how to feed your pet after pancreatitis
The first feeds for a dog with pancreatitis are usually comprised of a digestible carbohydrate source (e.g. well-cooked rice) rather than fat or protein-rich ingredients. If tolerated, small amounts of foods containing good quality protein but low amounts of fat (e.g. low-fat cottage cheese or skinless chicken breast) can be gradually introduced.
During recovery, the diet should be extremely fat restricted, which is why a veterinary diet (or very low-fat, cooked fresh food) is usually fed initially.
The general recommendations for dogs who have recovered, or have a past history of the condition, are that the diet supplies a maximum of 10% fat (on a dry matter basis), and that the food is highly digestible and made to a fixed formula. The inclusion of supplements to support the immune and digestive system such as the antioxidant-rich plant extracts, prebiotics and nucleotides in our food may be beneficial too.
Our Light dry food and Sensitive Partners canned food meet all the criteria above. Our Light diet is our lowest fat dry dog food, and this supplies 7.5% fat on an ‘as fed’ basis (8.15% dry matter).
In cats, extreme fat restriction is not so critical, but there is still evidence to support the use of lower fat diets.
Cats can be susceptible to further complications including triaditis, which is concurrent chronic pancreatitis, inflammatory bowel disease and cholangiohepatitis (inflammation of both the liver and the biliary system). IBD is often linked to food allergies, so a further challenge when providing an appropriate diet (in addition to it being extremely palatable, highly digestible and not too high in fat) is that it also should provide a novel protein and carbohydrate source. Additional liver support in the form of antioxidants may be beneficial, and copper restriction is usually necessary in the event of liver dysfunction (because increased concentrations of copper can cause oxidative stress that can then lead to further liver cell damage and inflammation).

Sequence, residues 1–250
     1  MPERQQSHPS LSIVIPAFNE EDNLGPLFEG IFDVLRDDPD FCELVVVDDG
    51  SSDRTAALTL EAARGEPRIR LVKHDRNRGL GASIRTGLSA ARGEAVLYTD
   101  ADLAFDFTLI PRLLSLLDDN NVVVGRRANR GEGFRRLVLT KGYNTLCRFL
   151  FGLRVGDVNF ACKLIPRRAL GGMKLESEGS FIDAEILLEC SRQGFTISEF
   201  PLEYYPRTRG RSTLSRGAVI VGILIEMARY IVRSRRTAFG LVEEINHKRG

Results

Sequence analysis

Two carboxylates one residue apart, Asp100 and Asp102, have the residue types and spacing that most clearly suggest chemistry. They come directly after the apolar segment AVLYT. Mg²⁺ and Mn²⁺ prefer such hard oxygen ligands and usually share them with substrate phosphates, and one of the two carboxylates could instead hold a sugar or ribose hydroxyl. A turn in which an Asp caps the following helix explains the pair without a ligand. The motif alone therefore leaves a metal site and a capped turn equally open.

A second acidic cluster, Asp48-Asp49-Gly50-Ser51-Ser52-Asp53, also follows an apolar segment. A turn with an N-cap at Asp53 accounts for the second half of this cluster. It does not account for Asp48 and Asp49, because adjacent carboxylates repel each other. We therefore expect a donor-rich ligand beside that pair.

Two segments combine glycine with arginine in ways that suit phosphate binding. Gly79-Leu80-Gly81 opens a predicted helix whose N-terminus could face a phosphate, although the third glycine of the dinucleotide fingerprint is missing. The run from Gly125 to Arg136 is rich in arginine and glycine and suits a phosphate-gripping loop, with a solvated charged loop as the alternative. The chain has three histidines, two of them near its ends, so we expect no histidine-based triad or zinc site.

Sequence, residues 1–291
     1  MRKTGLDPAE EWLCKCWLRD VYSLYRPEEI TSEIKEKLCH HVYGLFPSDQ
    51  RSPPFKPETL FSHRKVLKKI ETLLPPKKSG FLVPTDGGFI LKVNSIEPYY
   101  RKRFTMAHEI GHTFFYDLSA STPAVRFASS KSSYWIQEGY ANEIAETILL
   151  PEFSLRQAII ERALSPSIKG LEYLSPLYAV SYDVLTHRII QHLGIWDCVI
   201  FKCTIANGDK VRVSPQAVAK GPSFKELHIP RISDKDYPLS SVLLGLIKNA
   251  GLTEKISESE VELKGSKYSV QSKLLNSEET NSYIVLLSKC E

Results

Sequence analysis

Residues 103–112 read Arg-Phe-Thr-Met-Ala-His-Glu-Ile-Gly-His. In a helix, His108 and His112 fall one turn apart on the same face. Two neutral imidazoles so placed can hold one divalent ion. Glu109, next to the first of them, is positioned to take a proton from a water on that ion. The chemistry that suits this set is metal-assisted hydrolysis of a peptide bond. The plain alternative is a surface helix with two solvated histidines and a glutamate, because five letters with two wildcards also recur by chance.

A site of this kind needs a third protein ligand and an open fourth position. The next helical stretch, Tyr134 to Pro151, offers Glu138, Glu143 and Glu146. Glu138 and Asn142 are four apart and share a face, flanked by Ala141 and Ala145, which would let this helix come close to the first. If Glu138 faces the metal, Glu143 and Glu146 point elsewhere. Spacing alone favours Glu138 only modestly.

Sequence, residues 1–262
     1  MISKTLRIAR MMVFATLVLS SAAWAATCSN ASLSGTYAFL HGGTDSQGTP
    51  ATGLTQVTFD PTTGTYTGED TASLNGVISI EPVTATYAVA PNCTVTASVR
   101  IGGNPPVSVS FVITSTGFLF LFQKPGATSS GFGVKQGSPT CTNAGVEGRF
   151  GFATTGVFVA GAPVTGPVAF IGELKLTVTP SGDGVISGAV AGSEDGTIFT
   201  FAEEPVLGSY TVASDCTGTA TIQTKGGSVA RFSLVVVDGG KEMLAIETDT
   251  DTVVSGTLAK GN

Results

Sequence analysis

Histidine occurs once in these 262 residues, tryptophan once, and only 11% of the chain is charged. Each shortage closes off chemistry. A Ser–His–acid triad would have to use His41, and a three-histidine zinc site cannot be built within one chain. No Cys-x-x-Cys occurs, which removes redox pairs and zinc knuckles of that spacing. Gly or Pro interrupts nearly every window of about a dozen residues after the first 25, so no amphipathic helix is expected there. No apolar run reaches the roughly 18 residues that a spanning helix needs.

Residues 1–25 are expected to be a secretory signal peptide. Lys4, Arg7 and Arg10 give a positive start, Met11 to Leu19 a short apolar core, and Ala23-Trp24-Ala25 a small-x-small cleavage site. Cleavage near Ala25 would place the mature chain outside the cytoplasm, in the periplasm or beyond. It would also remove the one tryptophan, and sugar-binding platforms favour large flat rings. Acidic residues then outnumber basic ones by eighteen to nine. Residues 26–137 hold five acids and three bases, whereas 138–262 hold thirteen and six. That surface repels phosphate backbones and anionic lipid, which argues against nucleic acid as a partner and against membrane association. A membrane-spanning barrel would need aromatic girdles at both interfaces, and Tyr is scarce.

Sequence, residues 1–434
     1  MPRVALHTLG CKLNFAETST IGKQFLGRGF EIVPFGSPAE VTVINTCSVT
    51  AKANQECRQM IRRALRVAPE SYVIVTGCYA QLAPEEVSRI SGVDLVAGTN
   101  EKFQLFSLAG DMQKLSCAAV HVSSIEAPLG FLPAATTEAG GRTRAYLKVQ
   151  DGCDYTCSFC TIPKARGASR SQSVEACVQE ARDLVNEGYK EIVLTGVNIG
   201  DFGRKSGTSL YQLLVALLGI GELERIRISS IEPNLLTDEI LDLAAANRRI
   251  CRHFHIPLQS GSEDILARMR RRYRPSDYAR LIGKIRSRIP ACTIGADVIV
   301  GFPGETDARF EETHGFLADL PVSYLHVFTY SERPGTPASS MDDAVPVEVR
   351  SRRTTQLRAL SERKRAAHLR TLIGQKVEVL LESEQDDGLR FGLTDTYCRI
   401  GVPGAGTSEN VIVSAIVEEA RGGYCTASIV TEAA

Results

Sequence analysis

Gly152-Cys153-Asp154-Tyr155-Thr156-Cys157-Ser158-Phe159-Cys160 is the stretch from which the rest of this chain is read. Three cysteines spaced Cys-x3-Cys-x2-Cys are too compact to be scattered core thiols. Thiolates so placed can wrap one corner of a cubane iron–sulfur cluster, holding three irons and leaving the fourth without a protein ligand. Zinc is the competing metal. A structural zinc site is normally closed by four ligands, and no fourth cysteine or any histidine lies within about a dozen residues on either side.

Arden Grange Light cat food could be a suitable option as the fat content of this product is 11% as fed (11.96% dry matter). It contains probiotics, antioxidants and beneficial levels of Omega 3 fatty acids to help to support the immune and digestive system and excludes some of the more common ingredients responsible for adverse food reactions (i.e. wheat / gluten, unspecified cereals, beef, soya and dairy products).
It is important to ask your vet’s professional opinion as to the suitability of a product before considering a change of diet for your cat or dog.
As a responsible and ethical company, we fully appreciate the caution that must be taken when discussing the potential benefits of our products and the nutritional supplements we include. It is against the law to make medical claims. Whilst these ingredients are safe and natural and may be beneficial to some of the cats and dogs fed on Arden Grange, we must highlight that their inclusion is not a substitute for veterinary intervention in the case of a sick animal.
Excerpts from our fact sheet ‘Pancreatitis in dogs and cats - inflammation of the pancreas’ by Ness Bird - Nutrition Adviser and RVN Cert CFVHNut ©